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An NPR program discussing African-based religions and regaling the life of New Orleans 1800’s Voodoo queen, Marie Laveau, caught my attention a year ago.
The blend of Spiritualism, New Orleans, and Laveau (a complex and colorful historical figure) played on my fancy. I began paying attention to the posts of my occultist Facebook friends, such as Jose Prado, whose beliefs and spiritual outlook I respect. A gentle, and generous, person, Jose writes extensively and in measured tones about non-Christian religious beliefs and has – through his posts – provided me with insights on Occultism and Voodoo.
Through the coincidences of synchronicity I learned that one of my Edmonds, Washington author friends had actually taught topics concerning Marie Laveau, and we met to discuss sources of information for my study of New Orleans’ Voodoo Era.
The stars began to align by November 2012. With the inklings of what has now become ‘Voodoo Vision’ I felt compelled to join the global fray of writers pounding out novels as the challenge of NaNoWriMo 2012 loomed. What better way to keep my interest in writing one novel, in one month, than New Orleans, History – and Voodoo!
Voodoo, from my outsider perspective seemed rich with possibilities. Add to the Voodoo backdrop of my novel the parallels of Catholic symbolism, and the scandalous folly of priests and I had the beginnings of a thesis on good and evil.
What challenges me as I add the final touches – and seek editorial comment on my upcoming novel, ‘Voodoo Vision’ is this: How much behind-the-scenes Voodoo ritual to include. Layer by layer I find that I am going back to strengthen and fine tune the conflicts between the slaves and free persons of color, some of whom (as characters in my novel) adhere strictly to the teachings of the Catholic Church and some of whom mix the two religions to their own spiritual and occultist advantage. Taking ‘advantage’ being one of the underlying elements of my novel – and how far one will go to get what one wants.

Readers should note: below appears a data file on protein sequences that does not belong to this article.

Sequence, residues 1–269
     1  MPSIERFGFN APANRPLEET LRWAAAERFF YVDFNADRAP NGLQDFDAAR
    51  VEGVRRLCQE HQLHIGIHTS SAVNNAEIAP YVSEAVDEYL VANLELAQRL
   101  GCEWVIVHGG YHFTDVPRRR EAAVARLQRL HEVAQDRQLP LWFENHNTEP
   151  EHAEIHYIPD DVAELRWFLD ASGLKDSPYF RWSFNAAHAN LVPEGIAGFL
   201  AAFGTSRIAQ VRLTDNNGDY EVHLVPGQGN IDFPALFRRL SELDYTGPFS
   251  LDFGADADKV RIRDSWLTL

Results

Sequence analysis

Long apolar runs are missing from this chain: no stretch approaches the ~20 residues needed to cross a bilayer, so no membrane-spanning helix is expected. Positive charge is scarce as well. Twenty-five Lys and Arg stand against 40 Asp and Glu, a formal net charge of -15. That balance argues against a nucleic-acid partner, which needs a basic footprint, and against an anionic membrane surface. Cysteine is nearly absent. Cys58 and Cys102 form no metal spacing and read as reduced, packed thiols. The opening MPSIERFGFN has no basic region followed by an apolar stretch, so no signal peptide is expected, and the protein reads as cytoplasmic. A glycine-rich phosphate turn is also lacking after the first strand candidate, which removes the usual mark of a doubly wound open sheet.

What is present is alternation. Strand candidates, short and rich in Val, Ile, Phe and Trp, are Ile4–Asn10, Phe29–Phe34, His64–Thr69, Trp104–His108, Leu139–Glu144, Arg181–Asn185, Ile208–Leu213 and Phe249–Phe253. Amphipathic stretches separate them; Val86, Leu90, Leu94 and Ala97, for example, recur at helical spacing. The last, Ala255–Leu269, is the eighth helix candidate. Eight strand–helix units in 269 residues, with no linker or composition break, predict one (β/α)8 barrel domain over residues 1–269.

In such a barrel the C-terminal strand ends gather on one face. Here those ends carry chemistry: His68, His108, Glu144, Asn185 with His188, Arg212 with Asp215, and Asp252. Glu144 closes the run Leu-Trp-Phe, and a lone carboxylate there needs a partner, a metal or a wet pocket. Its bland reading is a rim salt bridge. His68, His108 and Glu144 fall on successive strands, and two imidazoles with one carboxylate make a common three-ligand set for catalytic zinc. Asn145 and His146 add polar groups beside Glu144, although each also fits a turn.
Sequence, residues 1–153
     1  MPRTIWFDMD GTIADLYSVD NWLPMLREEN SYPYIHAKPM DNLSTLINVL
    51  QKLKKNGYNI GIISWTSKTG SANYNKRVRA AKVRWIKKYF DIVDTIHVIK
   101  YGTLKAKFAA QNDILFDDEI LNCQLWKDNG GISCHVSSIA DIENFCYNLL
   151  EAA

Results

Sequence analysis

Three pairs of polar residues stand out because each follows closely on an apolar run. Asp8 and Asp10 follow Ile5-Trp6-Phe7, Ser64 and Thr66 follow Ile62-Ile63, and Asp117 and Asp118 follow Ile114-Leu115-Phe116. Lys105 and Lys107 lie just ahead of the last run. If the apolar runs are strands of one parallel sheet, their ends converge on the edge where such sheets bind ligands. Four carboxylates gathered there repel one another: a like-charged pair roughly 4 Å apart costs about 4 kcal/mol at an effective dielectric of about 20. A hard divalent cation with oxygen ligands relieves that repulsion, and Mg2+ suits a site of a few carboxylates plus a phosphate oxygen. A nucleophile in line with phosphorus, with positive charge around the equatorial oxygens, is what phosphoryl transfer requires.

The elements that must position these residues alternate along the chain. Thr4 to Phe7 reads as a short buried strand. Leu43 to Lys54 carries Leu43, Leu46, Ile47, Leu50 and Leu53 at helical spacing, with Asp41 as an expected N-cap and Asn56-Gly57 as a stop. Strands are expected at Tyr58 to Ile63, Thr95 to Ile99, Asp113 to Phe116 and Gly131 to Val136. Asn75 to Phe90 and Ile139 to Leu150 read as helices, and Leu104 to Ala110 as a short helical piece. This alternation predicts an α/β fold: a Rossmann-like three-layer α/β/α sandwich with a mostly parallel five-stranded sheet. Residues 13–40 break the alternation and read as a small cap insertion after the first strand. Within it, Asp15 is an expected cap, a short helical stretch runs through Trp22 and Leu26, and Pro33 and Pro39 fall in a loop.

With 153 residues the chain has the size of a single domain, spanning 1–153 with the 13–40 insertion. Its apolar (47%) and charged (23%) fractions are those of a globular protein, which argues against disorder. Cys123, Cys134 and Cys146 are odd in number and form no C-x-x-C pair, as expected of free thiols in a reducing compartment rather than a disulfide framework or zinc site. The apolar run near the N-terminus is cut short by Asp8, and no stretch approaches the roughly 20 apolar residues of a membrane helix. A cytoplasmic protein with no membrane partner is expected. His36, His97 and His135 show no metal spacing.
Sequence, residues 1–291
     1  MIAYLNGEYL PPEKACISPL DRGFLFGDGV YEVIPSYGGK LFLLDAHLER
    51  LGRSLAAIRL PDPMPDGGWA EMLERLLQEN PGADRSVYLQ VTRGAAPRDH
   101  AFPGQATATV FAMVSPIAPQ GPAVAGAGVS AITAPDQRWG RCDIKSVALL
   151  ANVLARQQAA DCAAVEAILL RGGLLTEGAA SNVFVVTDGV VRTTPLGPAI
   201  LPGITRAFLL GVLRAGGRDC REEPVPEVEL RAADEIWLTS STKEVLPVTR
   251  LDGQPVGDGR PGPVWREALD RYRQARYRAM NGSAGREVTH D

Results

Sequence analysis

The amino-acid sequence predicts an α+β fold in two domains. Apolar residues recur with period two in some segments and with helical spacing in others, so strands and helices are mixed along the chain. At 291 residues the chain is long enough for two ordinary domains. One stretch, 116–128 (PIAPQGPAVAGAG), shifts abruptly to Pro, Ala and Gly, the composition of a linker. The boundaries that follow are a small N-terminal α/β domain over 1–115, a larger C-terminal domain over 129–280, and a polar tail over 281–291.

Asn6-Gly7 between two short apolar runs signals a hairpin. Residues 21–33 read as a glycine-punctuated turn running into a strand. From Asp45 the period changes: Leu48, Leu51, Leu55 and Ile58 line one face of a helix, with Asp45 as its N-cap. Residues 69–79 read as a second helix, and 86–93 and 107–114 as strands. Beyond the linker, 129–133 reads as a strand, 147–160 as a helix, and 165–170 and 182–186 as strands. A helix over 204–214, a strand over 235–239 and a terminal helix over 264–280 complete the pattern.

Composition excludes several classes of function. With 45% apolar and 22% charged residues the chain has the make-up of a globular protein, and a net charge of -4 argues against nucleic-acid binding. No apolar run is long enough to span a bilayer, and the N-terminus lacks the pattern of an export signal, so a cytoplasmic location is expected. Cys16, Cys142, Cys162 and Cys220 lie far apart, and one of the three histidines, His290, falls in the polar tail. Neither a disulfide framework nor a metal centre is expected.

For instance, take the role of Father Vivenzio, the book’s villain: I wanted Voodoo ritual to serve as a catalyst for bringing together the Catholic Church of 1853 New Orleans with African-based religious practices that took place within the Catholic parishes during that time. I established Vivenzio’s avarice by composing a chapter around the priest’s rape of the leading black character’s daughter during a gathering in Congo Square. Not one to take lightly the scandal of the Catholic Church of late, I felt it appropriate to paint in real terms the human frailties of the Catholic Church, but in terms of yesteryear.
The next three months are going to be ‘full steam ahead’ for me as I edit, re-write the novel; and on design elements of the eBook tile with ‘Kathi Humphries Design and New Media’ to bring you the most colorful, exciting, haunting look at New Orleans in The Voodoo Era — originally named “Voodoo Vision” this novel ultimately was published as “Ghosts of White Raven Estate”.